Less well known than German CTAs or Pensionsfonds is another vehicle for outsourcing corporate pension liabilities, the ‘Renter-GmbH', or ‘Pensioners Ltd'.
Recently legalised by the German government, the Rentner-GmbH is an option for a firm that wishes to completely free itself from its pension liabilities.
It works like this: with the help of a lawyer, a firm sets up a Rentner-GmbH and transfers pension liabilities to it. A decade later, it loses legal responsibility for those liabilities; pensioners can only make legal claims against the vehicle.
The Rentner-GmbH differs from CTAs in that firms employing the latter vehicle remain legally responsible for pension liabilities.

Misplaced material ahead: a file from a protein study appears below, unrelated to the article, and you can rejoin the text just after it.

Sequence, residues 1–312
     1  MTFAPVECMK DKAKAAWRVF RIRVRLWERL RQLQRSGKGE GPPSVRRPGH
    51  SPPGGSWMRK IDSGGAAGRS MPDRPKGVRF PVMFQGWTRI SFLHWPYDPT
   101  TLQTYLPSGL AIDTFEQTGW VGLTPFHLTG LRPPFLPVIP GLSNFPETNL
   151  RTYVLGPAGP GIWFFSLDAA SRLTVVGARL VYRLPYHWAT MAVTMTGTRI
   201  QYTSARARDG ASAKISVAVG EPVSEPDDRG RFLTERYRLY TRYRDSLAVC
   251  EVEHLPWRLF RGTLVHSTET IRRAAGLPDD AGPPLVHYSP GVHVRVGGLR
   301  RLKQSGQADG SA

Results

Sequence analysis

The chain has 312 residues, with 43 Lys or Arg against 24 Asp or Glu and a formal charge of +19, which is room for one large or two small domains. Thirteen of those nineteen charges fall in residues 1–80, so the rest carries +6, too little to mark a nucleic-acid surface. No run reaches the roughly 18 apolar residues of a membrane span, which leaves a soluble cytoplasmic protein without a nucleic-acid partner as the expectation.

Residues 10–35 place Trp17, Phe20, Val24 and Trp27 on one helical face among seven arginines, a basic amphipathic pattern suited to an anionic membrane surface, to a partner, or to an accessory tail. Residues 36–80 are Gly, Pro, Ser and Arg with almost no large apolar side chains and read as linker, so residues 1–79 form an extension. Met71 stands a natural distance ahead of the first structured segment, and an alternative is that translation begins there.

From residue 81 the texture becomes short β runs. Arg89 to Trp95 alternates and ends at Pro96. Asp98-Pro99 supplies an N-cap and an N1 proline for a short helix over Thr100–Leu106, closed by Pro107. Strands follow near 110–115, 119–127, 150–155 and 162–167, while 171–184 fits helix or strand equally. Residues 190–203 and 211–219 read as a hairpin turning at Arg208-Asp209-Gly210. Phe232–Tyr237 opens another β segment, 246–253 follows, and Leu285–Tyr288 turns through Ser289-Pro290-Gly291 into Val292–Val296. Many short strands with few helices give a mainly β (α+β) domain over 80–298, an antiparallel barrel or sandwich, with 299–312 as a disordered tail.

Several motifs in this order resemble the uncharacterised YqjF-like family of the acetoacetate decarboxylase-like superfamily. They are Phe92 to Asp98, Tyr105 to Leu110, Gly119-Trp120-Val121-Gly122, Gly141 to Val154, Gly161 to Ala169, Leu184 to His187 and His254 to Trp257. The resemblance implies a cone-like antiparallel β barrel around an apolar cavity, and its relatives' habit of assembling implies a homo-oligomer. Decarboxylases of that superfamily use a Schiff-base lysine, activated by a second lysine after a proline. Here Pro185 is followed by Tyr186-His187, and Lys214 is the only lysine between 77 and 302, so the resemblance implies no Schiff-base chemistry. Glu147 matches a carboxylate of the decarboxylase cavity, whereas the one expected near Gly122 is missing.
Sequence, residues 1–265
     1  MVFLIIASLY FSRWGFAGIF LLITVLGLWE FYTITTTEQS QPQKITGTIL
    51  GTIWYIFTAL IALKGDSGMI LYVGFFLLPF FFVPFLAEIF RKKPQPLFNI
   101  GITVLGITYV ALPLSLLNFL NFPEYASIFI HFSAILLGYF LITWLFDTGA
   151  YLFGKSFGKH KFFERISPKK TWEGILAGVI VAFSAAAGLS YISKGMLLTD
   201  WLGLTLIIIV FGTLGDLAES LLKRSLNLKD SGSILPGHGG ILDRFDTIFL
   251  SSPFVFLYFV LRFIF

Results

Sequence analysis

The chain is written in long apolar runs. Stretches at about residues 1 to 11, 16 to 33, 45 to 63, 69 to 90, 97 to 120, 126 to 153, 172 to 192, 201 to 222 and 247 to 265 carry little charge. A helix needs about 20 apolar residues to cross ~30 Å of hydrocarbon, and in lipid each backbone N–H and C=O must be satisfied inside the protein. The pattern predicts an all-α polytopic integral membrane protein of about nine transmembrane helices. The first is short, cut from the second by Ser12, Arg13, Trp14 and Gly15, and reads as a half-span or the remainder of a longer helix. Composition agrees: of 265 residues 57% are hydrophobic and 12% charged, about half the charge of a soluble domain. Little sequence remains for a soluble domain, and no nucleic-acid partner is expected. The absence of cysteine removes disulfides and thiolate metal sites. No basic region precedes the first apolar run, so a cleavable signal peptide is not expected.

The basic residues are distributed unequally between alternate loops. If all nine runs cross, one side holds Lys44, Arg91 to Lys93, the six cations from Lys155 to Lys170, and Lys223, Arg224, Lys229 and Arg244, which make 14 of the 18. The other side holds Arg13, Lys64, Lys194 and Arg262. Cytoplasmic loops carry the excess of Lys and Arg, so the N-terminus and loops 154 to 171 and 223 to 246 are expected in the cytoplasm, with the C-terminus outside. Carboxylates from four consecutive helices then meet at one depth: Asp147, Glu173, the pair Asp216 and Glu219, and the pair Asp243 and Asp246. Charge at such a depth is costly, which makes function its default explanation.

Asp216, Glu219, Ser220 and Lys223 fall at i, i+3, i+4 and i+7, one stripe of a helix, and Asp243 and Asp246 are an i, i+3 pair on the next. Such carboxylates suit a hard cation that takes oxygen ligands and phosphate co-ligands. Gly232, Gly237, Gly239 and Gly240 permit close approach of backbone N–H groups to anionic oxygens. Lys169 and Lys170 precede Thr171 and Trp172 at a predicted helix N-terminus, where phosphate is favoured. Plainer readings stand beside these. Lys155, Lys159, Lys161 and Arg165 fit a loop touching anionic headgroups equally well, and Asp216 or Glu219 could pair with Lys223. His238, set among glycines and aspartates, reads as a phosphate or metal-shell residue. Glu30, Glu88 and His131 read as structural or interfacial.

In other words, CTAs are funds set up to pay pensions, and if the funds need capital to do so, they get it from the firms that created them.
According to Bernd Klemm, partner at the law firm Lovells in Munich, the Renter-GmbH is a cheaper alternative to other outsourcing vehicles.
These include Pensionskassen, the traditional insurance-based pension vehicle, and those offered by life insurers. And just like all external pension funds, "the Rentner-GmbH improves a firm's base capital and, for the most part, a better credit rating," says Klemm.
Citing the fact that Lovells has already won several mandates to create the vehicles, Klemm believes the Rentner-GmbH will establish itself as a viable alternative to other outsourcing vehicles.